The Five Best Free Agent Signings From This NBA Offseason

By on October 24, 2019 in ArticlesSports News

The NBA season is upon us. A lot has happened since the Toronto Raptors defeated the Golden State Warriors in the NBA Finals. Players have re-signed, swapped teams, retired…and that's just in the NBA! We've also been wowed by the U.S. Women's National Team winning a World Cup championship, the NFL regular season kicking off, and the MLB playoffs keeping us on the edge of our seats.

All that's to say that if you missed a free agent signing here or there, it's completely understandable. But don't head into the regular season feeling left out. We're here to help you get up to speed with the five best free agent signings this offseason, starting with one that impacted the entire landscape of the league. 

Note: This list only includes players that signed with new teams, not ones that re-signed with their current squads (like Klay Thompson with the Warriors) or were acquired in a sign-and-trade (like Kevin Durant with the Brooklyn Nets).

Kawhi Leonard, Los Angeles Clippers – 3 years, $103 million

Kawhi Leonard may never win the regular-season MVP, simply because he doesn't play enough games during the regular season. But, as the Raptors showed us last year, it's worth trading a quarter of the season to have a fresh Leonard for the playoffs. He's now won NBA Finals MVP awards with two separate teams. And he's going to play exactly where he wants to be, in southern California. 

In signing Leonard, though, the Clippers also scored Paul George. Sure, they had to trade two players – Shai-Gilgeous Alexander and Danilo Gallinari – and five draft picks to get George, but the core of their team remains intact. This was a team that gave a fully healthy Warriors squad fits in the first round of the playoffs. Now they've added two All-Stars to the mix? It's no wonder they're among the favorites to win the championship this year.

J.J. Redick, New Orleans Pelicans – 2 years, $26.5 million

J.J. Redick turned 35 this summer, but at better than 41 percent from deep for his career, he's a lethal shooter. That makes him invaluable for any team, as his ability to space the floor is the most coveted skill in today's NBA. In fact, Redick may be getting even better with age – he averaged a career-high 18.1 points last season with the Philadelphia 76ers.

Redick joins a Pelicans team that's looking to jumpstart its rebuilding process by pairing a veteran like Redick with its young talent, including Zion Williamson, Jaxson Hayes, Lonzo Ball, Brandon Ingram, and Josh Hart. Losing a star like Anthony Davis this summer will no doubt hurt, but relatively inexpensive contracts for guys like Redick are signs of a team headed in the right direction.

Kawhi Leonard (left) and J.J. Redick (Mitchell Leff/Getty Images)

Bojan Bogdanovic, Utah Jazz – 4 years, $73 million

In the span of a few months, the Utah Jazz jumped from potential tough out in the first round of the playoffs to championship contender. While trading for Mike Conley grabbed the headlines, Jazz fans should be equally excited about the signing of Bogdanovic. The 30-year-old forward has continually improved throughout his time in the NBA, culminating in career highs in points, rebounds, assists, steals, field goal percentage, and three-point percentage. The Pacers losing him is a big blow, but their loss is the Jazz's gain.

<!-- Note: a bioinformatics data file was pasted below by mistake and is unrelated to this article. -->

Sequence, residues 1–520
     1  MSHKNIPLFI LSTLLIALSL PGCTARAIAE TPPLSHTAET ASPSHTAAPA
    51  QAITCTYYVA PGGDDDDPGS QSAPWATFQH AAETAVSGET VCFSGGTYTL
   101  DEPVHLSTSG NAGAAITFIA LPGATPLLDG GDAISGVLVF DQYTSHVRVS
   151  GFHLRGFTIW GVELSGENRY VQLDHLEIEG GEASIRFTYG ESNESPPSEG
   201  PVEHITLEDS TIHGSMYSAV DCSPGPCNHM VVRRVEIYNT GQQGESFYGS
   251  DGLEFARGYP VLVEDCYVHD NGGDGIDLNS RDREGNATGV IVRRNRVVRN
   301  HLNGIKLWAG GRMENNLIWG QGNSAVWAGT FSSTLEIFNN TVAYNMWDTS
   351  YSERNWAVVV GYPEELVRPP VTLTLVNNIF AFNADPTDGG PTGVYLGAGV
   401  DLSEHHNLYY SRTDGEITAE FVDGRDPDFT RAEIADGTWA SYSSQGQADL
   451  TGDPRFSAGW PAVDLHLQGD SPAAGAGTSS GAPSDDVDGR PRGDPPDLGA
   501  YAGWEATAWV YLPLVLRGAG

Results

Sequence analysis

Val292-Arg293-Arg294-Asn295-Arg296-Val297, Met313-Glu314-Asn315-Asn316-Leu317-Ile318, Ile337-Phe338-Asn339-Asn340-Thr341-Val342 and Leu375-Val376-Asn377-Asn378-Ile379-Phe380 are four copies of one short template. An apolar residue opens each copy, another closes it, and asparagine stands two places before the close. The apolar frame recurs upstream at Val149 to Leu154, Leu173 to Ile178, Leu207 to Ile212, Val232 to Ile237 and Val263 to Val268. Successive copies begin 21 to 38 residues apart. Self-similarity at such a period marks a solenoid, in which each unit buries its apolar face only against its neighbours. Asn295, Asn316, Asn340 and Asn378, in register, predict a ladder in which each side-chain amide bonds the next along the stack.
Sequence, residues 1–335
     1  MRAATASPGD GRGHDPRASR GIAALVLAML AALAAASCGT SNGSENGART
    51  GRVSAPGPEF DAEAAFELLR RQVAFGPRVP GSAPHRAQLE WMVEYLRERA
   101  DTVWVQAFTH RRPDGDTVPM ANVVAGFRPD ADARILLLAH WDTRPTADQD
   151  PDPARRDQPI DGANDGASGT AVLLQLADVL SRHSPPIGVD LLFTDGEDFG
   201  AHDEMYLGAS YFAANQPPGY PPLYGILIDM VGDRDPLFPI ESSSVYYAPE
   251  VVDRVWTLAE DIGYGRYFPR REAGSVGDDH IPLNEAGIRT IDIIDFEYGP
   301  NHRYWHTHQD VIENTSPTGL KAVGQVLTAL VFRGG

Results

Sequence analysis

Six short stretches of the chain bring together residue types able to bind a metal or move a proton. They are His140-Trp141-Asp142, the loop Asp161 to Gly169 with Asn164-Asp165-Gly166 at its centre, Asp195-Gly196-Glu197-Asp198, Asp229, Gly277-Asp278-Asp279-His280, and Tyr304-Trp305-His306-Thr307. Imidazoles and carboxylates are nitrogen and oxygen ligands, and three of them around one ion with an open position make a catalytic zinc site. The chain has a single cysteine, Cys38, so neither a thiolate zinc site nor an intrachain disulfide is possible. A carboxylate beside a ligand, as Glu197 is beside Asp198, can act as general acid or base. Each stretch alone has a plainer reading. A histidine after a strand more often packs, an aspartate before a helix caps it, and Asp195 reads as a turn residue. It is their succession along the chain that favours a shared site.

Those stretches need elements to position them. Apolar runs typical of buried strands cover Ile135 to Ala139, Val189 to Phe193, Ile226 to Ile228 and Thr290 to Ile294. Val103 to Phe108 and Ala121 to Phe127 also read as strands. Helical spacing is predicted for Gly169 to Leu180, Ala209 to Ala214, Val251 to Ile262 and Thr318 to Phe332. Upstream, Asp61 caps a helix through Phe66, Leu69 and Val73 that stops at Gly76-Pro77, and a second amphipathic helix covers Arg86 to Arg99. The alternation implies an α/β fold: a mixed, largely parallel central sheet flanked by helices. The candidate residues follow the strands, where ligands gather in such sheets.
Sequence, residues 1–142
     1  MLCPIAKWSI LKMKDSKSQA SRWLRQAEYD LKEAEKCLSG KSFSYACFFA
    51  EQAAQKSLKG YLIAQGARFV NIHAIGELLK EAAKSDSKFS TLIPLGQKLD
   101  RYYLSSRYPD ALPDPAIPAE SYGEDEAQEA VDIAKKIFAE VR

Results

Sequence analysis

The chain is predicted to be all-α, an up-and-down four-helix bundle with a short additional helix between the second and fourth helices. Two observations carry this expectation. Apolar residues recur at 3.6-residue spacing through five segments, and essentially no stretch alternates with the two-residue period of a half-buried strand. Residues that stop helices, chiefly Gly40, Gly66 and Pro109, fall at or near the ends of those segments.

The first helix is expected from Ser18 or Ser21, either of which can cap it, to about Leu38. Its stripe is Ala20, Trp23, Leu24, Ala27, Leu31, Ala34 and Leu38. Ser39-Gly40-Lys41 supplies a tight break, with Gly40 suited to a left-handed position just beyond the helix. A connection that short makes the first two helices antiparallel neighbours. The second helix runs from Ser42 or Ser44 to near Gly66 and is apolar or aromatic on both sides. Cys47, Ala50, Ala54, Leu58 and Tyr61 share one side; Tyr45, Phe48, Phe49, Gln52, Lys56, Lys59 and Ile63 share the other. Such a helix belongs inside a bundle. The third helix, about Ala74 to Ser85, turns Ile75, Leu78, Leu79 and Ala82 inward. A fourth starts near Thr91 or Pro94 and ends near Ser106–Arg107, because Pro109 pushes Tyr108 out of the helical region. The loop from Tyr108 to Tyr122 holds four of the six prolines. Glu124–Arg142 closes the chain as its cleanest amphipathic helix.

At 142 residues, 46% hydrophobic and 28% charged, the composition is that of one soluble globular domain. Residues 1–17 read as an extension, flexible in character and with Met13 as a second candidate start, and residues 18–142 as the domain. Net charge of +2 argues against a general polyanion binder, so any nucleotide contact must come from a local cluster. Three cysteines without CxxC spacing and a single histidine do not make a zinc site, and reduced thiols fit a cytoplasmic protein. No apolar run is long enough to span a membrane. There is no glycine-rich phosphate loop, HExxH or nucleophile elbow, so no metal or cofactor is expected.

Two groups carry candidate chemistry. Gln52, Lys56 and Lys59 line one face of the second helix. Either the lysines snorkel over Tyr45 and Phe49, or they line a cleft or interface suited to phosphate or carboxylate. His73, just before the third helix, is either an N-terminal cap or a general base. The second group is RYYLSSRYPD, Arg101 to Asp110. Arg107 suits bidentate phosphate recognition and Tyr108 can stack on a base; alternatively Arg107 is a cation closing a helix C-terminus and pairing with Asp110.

On top of being a strong contributor on offense that can easily catch fire from long range, Bogdanovic has stepped up his defensive game, too. He hounded LeBron James during the 2017-18 playoffs, forcing the four-time MVP into tough shots and making him work hard to score. If the Jazz advance in the playoffs, guess who they'll likely have to face? LeBron James and the Lakers. Bogdanovic's size also helps against guys like Leonard, too. He'll help the Jazz make plenty of noise this year.

Tomas Satoransky, Chicago Bulls – 3 years, $30 million

Since Derrick Rose's first knee injury in 2012, the Bulls' point guard situation can be described as shaky, at best. They drafted Coby White out of UNC, but for at least his first couple of years in the league, he'll likely be used as more of a change-of-pace guard off the bench. That gives Satoransky the chance to show he can thrive as a starting point guard.

He certainly looked like he could last season, when he took over for the injured John Wall in Washington. Satoransky's 11.8 points, 4.6 rebounds and 6.6 assists per 36 minutes were extremely solid. At 6'7″, he's got the length to be a pesky defender and the ability to score over smaller guards. He'll be given the wheels to the offense in Chicago; the Bulls are hoping he can drive them back to the playoffs. 

Derrick Rose, Detroit Pistons – 2 years, $15 million

Speaking of Rose, he had perhaps his best post-injury season last year with the Minnesota Timberwolves, averaging 18 points per game on 48 percent shooting, including a 50-point effort. He also developed a three-point shot for the first time since…ever, hitting 37 percent of his tries from deep.

Rose is 30 years old and has a lot of wear and tear on his body, but last year seemed like an indication he's revamped his game. Since tearing his ACL, he's never played more than 66 games in a season, so the Pistons will have to expect several DNPs from Rose. But still, getting a starting-caliber point guard for less than $8 million a year is a steal.

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